Revolutionary healing glove backed by MTEC funding

Written by Harriet Wall

A prototype of the REHEAL Glove, a bioengineered healing glove, has received an award from the Medical Technology Enterprise Consortium — further accelerating the technologies journey from lab to shelf.

In a collaboration between the University of Texas at Arlington Research Institute (UTARI; TX, USA) and the University of Washington (WA, USA), researchers have developed an innovative bioengineered healing glove, the REHEAL Glove, which is thought to revolutionize the way in which we approach wound therapy. The glove has recently reached a key step towards commercialization, having achieved an endorsement award from the Medical Technology Enterprise Consortium (MTEC).

The REHEAL Glove is designed for localized therapy after hand trauma, providing a flexible wound dressing and negative pressure to hand injuries. The glove can be easily applied and removed, owing to its ability to not adhere to the wound — therefore minimizing pain for the patient. Additionally, the glove allows the clinician to control the wound environment for improved healing, whilst providing a means for therapeutic delivery.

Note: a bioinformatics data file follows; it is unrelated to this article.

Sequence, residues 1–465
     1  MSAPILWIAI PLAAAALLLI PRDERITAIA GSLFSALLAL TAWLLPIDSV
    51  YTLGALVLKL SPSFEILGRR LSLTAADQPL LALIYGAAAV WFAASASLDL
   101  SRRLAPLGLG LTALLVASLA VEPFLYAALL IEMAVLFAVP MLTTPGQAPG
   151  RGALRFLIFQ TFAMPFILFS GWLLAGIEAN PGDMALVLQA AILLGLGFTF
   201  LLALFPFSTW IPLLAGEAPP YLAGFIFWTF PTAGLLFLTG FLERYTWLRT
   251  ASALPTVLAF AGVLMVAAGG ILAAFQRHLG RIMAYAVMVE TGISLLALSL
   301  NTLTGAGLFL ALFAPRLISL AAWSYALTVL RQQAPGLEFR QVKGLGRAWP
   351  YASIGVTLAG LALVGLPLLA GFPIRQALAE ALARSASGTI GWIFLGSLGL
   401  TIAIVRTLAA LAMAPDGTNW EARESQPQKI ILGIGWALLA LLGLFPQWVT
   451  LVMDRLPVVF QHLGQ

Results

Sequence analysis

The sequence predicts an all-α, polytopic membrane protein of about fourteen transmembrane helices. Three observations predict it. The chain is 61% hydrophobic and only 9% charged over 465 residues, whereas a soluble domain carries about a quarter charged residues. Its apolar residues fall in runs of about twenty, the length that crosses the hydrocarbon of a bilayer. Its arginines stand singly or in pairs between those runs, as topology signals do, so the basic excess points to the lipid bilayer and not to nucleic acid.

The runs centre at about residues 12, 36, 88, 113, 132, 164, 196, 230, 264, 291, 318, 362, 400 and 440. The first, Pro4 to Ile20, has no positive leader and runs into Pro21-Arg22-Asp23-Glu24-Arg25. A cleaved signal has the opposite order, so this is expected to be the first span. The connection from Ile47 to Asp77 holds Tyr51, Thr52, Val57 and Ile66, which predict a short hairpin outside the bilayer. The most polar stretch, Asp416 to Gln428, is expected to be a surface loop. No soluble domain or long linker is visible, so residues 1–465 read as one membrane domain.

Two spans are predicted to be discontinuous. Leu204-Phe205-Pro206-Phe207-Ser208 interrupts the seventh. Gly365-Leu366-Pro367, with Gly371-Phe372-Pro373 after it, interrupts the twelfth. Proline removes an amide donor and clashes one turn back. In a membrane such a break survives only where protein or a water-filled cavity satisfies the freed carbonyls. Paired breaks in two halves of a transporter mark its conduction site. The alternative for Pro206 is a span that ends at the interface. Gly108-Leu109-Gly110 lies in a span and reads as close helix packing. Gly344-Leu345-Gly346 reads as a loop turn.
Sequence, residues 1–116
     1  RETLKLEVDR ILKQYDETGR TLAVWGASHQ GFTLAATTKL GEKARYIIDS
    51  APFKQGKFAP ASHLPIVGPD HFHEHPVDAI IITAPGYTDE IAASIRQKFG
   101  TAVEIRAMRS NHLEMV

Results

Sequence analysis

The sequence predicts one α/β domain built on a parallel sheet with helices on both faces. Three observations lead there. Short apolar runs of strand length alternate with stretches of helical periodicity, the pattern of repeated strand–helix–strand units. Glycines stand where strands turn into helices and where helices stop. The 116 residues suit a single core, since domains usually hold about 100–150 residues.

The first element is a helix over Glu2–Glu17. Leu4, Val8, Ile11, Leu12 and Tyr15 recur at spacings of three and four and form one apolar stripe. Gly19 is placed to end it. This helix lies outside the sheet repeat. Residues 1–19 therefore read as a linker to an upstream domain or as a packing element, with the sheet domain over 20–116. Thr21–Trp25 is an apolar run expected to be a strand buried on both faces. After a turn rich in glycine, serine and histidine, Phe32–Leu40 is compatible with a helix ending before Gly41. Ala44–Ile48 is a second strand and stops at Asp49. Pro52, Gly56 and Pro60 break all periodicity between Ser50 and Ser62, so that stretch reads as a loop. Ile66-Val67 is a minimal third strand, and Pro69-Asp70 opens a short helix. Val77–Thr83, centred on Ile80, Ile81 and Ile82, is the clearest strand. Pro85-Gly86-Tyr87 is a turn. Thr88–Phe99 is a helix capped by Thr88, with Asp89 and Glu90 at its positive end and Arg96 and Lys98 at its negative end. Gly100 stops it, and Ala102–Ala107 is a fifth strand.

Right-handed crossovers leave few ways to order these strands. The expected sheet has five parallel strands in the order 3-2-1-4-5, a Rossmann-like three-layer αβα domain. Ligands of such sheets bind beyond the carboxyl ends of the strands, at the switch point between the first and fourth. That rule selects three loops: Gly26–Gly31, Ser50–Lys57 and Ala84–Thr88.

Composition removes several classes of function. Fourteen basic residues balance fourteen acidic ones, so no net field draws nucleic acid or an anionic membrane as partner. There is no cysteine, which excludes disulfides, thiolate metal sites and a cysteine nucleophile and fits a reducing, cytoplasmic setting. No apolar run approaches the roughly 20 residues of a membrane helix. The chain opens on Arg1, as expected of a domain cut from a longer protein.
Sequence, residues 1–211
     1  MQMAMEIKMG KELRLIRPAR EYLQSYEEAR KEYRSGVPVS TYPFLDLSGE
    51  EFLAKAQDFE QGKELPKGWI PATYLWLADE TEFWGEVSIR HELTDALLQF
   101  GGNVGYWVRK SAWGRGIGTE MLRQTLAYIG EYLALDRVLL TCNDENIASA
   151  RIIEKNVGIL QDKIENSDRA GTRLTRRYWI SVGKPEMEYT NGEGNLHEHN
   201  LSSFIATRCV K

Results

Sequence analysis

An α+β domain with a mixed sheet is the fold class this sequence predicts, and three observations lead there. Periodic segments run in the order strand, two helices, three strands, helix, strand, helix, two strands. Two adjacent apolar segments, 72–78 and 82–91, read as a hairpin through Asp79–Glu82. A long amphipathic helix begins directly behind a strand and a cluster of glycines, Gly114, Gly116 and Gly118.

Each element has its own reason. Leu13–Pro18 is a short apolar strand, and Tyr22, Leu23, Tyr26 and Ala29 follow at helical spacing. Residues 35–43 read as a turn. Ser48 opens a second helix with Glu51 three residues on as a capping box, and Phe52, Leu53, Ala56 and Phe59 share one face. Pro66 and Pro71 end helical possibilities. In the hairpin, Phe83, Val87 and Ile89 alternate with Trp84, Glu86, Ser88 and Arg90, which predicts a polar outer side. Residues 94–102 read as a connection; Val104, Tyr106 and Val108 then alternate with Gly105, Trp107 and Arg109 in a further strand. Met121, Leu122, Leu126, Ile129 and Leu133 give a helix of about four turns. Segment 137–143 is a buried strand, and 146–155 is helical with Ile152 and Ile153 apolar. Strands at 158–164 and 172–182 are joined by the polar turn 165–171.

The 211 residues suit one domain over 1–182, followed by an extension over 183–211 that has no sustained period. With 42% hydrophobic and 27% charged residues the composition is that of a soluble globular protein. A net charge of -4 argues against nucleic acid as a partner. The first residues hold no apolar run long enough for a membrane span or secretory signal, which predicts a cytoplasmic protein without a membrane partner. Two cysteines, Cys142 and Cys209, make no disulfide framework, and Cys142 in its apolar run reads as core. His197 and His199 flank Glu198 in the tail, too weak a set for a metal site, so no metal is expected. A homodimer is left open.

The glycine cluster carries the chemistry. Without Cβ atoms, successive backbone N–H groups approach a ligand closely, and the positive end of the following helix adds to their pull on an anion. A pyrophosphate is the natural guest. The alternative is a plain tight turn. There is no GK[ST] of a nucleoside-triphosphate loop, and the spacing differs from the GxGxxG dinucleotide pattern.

“Complex hand wounds can be debilitating, and current therapies often lead to excessive scar formation and fail to preserve range of motion,” commented Lauren Palestrini, MTEC director of research programs. “I believe that the REHEAL Glove addresses many of these limitations and hope its utilization will improve treatment of these injuries.”

In 2017, MTEC provided the project with an award of US$227,000, allowing the research team to develop a manufacturing process for the product — aiding the production of 100 REHEAL Gloves for early stage clinical trials. Recently, UTA achieved the ‘Prototype of the Year Acceleration Award’ from MTEC (under US$1 million) to recognize the significant advances in the technology of their prototype.

“The manufacturing process gives us more reliability and uniformity in the REHEAL Glove production,” explained Muthu Wijesundara, head of the Biomedical Technologies Division at UTARI and leader of the project. “Having this process reduces the risk of variants among the gloves interfering with any future clinical trial work.”

In addition to enabling the improved development of the REHEAL Glove, the award also builds the reputation of UTARI among the research community.

“The forward momentum of the REHEAL Glove project is an outstanding demonstration of UTARI’s mission to link laboratory discoveries to commercialization that ultimately benefits society,” concluded Duane Dimos, UTA Vice President for Research. “I am proud to know this level of cutting-edge research and development is taking place at our University.”